In addition, there are specific laws protecting your right to health benefits when you lose coverage or change jobs. EBSA also oversees health care laws covering special medical conditions. For more information on the laws that protect your benefits, see EBSA´s Website. Or call the agency toll free at 1-866-444-3272 to reach a regional office near you. These 10 tips can help make your health benefits work better for you.

1. Explore Your Options for Health Coverage

You have options for health coverage. There are many different types of health benefit plans. Find out what your employer offers, then check out the plan (or plans). Your employer´s human resource office, the health plan administrator, or your union can provide information to help you match your needs and preferences with the available plans. Or consider a health plan through the Health Insurance Marketplace. Visit HealthCare.gov to see the health plan options available in your area. Get information about all of your options and review it. The more information you have, the better your health care decisions will be.

2. Review the Benefits Available

Do the plans offered cover the benefits that are important to you, such as mental health services, well-baby care, vision or dental care? Are there deductibles? What are the out-of-pocket expenses you may face? Determine your needs and priorities. Compare all of your options before you decide which coverage to elect. Matching your needs and those of your family members will result in the best possible benefits. Cheapest may not always be best. Your goal is high quality health benefits.

3. Read Your Plan´s Summary Plan Description (SPD) for the Wealth of Information It Provides

Your health plan administrator should provide a copy. It outlines your benefits and your legal rights under the Employee Retirement Income Security Act (ERISA), the Federal law that protects your health benefits. It also should contain information about the coverage of dependents, what services will require a co-payment or coinsurance, and the circumstances under which your employer can change or terminate a health benefits plan. You also can find many of the answers to your questions in the Summary of Benefits and Coverage (SBC), a short, easy-to-understand summary of what a plan covers and what it costs. You should receive a copy with your enrollment materials. Save the SPD, the SBC, and all other health plan brochures and documents, along with memos or correspondence from your employer relating to health benefits.

4. Use Your Health Coverage

Once your health coverage has started, use it to help cover medical costs for services like going to the doctor, filling prescriptions or getting emergency care. Using your benefits will help you and your family stay healthy and reduce your health care costs. The Patient Protection and Affordable Care Act (ACA) provides many valuable protections for people enrolled in employment-based health plans including prohibiting preexisting condition exclusions and annual and lifetime limits on essential health benefits. What’s more, many plans cover certain preventive services for free, including routine vaccinations, regular well-baby and well-child visits, blood pressure, diabetes and cholesterol tests, and many cancer screenings. You also can keep your children on your health plan until age 26. Take advantage of your benefits, especially free preventive care if your plan covers it. If you were required to pay cost-sharing for a preventive service, check your Explanation of Benefits and ensure that the provider billed the service properly.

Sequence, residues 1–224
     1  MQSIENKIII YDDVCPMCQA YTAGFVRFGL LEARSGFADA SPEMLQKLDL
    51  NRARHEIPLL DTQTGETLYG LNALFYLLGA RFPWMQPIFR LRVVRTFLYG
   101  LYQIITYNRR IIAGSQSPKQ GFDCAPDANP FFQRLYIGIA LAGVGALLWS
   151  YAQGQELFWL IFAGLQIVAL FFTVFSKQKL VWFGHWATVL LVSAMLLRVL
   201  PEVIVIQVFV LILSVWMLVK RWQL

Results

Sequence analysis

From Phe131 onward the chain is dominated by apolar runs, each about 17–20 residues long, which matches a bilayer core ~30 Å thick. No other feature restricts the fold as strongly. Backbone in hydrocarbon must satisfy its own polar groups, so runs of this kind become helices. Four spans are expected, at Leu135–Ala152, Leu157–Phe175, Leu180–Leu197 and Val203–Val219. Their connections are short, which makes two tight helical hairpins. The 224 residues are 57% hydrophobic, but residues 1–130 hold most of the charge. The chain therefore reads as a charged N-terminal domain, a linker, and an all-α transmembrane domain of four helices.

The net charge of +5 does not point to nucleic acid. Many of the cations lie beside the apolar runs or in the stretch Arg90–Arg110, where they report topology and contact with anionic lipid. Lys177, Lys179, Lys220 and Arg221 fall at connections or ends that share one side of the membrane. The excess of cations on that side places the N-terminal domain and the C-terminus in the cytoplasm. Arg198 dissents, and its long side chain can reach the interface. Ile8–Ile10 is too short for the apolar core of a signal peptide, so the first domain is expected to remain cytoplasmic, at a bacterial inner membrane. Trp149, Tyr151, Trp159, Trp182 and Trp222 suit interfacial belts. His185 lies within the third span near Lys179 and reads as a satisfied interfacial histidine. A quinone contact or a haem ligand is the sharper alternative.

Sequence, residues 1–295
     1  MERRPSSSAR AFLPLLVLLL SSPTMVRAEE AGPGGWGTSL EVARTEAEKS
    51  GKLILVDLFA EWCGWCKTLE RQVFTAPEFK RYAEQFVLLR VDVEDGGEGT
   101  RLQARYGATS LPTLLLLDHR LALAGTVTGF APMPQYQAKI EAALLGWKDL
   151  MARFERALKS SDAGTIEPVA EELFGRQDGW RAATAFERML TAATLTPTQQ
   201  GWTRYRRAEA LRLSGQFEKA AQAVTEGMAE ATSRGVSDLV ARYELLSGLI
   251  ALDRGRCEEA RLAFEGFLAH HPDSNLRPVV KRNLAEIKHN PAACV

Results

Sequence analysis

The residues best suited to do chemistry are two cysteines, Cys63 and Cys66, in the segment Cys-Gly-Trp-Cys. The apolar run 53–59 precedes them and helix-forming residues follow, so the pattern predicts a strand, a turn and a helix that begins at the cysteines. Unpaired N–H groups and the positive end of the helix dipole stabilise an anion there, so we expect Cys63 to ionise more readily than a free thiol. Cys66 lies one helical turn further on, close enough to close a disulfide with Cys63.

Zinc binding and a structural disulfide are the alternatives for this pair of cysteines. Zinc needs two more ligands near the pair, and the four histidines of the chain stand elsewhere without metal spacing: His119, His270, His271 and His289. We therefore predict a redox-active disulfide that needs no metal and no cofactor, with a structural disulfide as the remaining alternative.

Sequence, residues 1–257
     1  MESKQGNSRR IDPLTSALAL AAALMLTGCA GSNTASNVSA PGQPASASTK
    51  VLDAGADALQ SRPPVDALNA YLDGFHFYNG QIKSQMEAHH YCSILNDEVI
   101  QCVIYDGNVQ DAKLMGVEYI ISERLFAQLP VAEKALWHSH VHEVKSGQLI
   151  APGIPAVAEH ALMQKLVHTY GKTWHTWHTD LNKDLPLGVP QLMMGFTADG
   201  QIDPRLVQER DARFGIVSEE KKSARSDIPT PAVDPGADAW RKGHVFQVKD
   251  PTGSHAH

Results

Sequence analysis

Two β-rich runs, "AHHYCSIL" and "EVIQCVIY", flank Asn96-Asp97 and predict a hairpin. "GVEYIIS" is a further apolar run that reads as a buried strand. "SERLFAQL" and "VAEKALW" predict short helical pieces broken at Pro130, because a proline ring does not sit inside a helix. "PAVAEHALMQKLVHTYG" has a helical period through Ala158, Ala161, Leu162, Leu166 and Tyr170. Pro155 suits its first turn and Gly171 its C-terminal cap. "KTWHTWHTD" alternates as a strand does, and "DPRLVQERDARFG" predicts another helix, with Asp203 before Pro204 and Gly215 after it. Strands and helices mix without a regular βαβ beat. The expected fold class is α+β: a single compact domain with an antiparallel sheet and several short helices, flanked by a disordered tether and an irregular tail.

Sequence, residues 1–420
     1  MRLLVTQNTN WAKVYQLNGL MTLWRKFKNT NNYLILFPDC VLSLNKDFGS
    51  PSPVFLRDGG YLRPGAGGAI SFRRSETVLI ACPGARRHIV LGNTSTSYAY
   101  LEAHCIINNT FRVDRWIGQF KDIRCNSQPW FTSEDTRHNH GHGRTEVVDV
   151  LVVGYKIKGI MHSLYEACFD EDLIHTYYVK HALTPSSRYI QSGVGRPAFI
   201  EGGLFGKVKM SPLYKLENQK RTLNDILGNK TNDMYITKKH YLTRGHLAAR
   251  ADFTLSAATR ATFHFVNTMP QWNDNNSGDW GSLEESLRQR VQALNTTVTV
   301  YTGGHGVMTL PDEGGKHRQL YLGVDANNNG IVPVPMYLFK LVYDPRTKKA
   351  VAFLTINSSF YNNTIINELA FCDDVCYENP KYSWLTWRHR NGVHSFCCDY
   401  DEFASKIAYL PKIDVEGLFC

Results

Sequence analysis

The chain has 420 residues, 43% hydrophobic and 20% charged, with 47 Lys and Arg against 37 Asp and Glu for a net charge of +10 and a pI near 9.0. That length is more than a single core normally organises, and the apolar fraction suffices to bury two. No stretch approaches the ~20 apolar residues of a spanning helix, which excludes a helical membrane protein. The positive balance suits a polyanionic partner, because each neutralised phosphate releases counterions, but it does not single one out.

5. Understand Your Plan’s Mental Health and Substance Use Coverage

Many health plans provide coverage for mental health and substance use disorder benefits. If a plan does offer these benefits, the financial requirements (such as co-payments and deductibles) and the quantitative treatment limits (such as visit limits) for the mental health and substance use disorder benefits cannot be more restrictive than the financial requirements or treatment limits applied to medical/surgical benefits. Plans also cannot impose lifetime and annual limits on the dollar amount of mental health and substance use disorder services, including behavioral health treatment. Some plans cover preventive services like screenings for depression and child behavioral assessments for free. Check your SPD and SBC to find out what your plan covers.

6. Look For Wellness Programs

More employers are establishing wellness programs that encourage employees to work out, stop smoking, and generally adopt healthier lifestyles. The Health Insurance Portability and Accountability Act (HIPAA) and the ACA encourage group health plans to adopt wellness programs but also includes protections for employees and dependents from impermissible discrimination based on a health factor. These programs often provide rewards such as cost savings as well as promoting good health. Check your SPD and SBC to see whether your plan offers a wellness program(s). If your plan does, find out what reward is offered and what you need to do to receive it.

7. Know How to File an Appeal if Your Health Benefits Claim is Denied

Understand your plan’s procedures for filing a claim for benefits and where to make appeals of the plan´s decisions. Pay attention to time limits – make sure you timely file claims and appeals and that the plan makes decisions on time. Keep records and copies of correspondence. Check your health benefits package and your SPD to determine who is responsible for handling problems with benefit claims. Contact EBSA for assistance if you are unable to obtain a response to your complaint.

8. Assess Your Benefits Coverage as Your Family Status Changes

Marriage, Porce, childbirth or adoption, the death of a spouse, and aging out of a parent’s health plan are life events that may signal a need to change your health benefits. You, your spouse, and your dependent children may be eligible for special enrollment into other employer health coverage or through the Health Insurance Marketplace. Even without life-changing events, the information provided by your employer should tell you how you can change benefits or switch plans. If you’re considering special enrollment, act quickly. You have 30 days after the life event to request special enrollment in other employer coverage or 60 days to select a plan in the Marketplace.